Saturday, January 12, 2019

The Shelby Mustang 1967 GT500 Super Snake, the one of a kind prototype Shelby had built for a Goodyear tire test, just sold for $2.2M, the most any car with a Mustang on it has ever sold for, in 2013 it sold for $1.3M

on the last known set of Goodyear Thunderbolt tires, which were found in a warehouse in Akron, Ohio, several years ago

7 3/4 inch wide white wall passenger tires. These were the skinniest tires ever mounted on a Shelby.
They were overinflated and filled with nitrogen instead of regular compressed atmosphere. This was done to prevent the tires from getting overheated on the long run.

Carroll Shelby figured he would be the first to find out if the tires would work, so he personally took the car out for a few laps on the track, He thought it was the best GT500 ever made, and loved every minute of it. Goodyear was able to film their Thunderbolt promotion after all the testing was done, which was a success story for all involved. The public loved the tires, and people started buying them for their own family cars. Ford noticed an uptick in new orders for Shelby Mustangs, which meant Shelby would be busy building new cars. Ford, Shelby, and Goodyear saw the profits from this effort quickly.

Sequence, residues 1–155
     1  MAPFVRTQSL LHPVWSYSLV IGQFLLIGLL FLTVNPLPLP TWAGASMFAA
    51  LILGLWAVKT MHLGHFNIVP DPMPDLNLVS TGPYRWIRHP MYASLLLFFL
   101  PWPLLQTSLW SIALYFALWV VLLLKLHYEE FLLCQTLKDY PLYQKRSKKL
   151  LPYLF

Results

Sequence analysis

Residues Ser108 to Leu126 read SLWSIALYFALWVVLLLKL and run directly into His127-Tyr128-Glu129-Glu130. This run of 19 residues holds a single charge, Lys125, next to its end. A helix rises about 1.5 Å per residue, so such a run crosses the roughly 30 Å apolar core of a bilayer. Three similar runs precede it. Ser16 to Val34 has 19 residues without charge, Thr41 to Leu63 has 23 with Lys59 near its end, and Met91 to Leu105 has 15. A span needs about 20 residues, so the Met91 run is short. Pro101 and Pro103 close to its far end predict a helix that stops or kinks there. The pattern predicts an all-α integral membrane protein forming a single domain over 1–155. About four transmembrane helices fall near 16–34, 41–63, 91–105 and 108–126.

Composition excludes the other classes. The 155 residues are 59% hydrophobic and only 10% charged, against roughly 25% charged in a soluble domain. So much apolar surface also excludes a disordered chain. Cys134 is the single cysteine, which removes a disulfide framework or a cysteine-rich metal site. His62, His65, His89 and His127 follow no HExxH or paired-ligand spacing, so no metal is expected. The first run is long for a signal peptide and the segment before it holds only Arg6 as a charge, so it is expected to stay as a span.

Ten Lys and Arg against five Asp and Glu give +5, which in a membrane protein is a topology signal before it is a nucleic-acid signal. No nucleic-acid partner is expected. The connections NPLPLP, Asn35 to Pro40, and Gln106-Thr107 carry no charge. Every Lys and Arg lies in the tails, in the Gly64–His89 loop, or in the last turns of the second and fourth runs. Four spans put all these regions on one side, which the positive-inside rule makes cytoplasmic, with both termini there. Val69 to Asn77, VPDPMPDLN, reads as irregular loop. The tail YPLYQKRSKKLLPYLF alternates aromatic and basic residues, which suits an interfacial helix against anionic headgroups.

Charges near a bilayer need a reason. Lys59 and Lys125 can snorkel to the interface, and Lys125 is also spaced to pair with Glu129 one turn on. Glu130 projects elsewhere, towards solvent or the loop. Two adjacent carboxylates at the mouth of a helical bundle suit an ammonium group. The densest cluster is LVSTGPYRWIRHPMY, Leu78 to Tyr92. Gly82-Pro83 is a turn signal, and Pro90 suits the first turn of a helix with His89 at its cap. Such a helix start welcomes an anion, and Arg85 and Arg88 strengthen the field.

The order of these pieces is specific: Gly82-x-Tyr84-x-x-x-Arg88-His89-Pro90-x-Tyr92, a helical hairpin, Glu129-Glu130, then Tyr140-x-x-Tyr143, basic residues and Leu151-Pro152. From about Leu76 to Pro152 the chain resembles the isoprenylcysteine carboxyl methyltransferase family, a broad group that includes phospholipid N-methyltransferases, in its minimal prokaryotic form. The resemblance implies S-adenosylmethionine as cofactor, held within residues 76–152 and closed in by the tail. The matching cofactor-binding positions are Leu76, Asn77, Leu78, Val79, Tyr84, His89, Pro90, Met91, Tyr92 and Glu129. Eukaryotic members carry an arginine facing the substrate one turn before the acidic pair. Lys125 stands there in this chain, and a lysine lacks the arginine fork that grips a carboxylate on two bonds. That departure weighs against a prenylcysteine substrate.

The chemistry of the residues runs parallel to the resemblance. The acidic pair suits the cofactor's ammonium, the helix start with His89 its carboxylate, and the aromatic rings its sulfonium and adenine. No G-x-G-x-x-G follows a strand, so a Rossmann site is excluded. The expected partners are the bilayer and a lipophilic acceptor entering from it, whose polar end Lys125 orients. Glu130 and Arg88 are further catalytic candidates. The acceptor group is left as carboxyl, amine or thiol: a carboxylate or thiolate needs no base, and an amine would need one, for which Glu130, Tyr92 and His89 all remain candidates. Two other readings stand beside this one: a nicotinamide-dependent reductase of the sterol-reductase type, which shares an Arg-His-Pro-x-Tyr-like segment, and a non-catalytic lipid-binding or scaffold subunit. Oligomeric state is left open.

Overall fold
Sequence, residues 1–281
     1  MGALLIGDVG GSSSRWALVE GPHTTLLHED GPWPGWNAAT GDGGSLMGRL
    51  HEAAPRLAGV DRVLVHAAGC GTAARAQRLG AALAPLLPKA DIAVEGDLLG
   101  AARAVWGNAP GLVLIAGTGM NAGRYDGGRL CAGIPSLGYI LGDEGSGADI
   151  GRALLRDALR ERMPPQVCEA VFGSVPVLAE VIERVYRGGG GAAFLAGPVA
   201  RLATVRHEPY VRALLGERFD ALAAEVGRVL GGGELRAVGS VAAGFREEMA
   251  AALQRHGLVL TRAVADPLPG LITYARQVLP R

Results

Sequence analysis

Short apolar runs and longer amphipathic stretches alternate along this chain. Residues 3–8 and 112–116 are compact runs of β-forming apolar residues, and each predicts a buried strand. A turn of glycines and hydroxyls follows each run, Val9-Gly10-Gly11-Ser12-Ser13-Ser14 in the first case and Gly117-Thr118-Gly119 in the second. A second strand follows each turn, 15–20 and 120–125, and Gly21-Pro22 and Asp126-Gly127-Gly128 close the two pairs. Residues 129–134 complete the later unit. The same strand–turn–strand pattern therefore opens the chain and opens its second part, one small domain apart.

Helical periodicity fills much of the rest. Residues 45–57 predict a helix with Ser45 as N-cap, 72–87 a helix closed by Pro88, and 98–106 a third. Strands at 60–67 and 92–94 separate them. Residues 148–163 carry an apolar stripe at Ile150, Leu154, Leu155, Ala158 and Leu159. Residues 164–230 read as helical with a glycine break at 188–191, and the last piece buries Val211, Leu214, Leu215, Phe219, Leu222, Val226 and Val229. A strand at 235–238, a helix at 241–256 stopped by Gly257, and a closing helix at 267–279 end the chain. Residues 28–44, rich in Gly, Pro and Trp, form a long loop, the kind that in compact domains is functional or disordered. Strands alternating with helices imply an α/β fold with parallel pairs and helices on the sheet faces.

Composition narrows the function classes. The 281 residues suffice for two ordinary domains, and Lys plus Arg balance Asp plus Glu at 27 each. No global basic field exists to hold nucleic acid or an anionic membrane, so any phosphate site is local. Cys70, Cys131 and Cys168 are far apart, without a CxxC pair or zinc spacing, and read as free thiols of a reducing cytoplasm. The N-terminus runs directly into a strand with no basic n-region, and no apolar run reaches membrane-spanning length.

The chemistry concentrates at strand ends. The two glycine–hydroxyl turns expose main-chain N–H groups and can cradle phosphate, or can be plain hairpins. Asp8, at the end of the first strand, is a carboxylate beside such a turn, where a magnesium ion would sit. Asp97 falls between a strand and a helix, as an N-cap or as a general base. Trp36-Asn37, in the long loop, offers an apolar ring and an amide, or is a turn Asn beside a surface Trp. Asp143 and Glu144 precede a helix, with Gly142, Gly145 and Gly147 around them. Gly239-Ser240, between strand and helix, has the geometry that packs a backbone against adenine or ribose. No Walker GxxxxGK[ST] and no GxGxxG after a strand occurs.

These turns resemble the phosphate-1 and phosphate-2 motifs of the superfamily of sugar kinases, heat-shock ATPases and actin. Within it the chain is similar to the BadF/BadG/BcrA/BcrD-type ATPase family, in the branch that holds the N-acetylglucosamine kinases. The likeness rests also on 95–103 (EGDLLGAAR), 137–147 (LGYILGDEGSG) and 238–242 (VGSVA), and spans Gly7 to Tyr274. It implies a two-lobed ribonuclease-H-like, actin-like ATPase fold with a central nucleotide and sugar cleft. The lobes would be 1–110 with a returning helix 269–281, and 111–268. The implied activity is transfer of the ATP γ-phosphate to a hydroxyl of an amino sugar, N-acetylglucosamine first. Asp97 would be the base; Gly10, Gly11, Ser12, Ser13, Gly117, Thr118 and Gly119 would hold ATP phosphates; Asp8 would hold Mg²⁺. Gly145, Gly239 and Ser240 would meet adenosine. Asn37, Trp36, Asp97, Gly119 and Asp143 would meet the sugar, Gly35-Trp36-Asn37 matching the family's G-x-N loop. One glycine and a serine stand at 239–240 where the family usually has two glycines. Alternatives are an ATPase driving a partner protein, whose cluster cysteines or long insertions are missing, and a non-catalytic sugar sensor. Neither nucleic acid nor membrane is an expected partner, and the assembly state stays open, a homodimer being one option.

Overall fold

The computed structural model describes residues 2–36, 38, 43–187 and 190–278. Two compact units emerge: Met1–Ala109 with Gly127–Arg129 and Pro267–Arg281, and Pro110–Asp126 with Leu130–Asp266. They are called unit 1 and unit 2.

The Shelby Mustang Super Snake averaged 142 MPH for 500 miles, reaching 172 MPH in the straights. Even more amazing was the fact that these skinny little tires performed flawlessly, and retained 97 percent of their tread after the 500 mile run! The fact that he went 172 MPH on 7 1/2 inch wide Bias Ply tires was phenomenal. This was a fact that Goodyear promoted heavily, of course.

For an accurate restoration, it would need original Thunderbolt tires, but, as they hadn’t been made in over 30 years this was a problem. This SSS was purchased by collector Richard Ellis in 2008, and he was committed to an exhaustive nationwide search to find these tires took place. Finally, while looking through an old repair shop warehouse he found 10 of these Thunderbolt original tires, with the original stickers, in a tire rack in the back corner.

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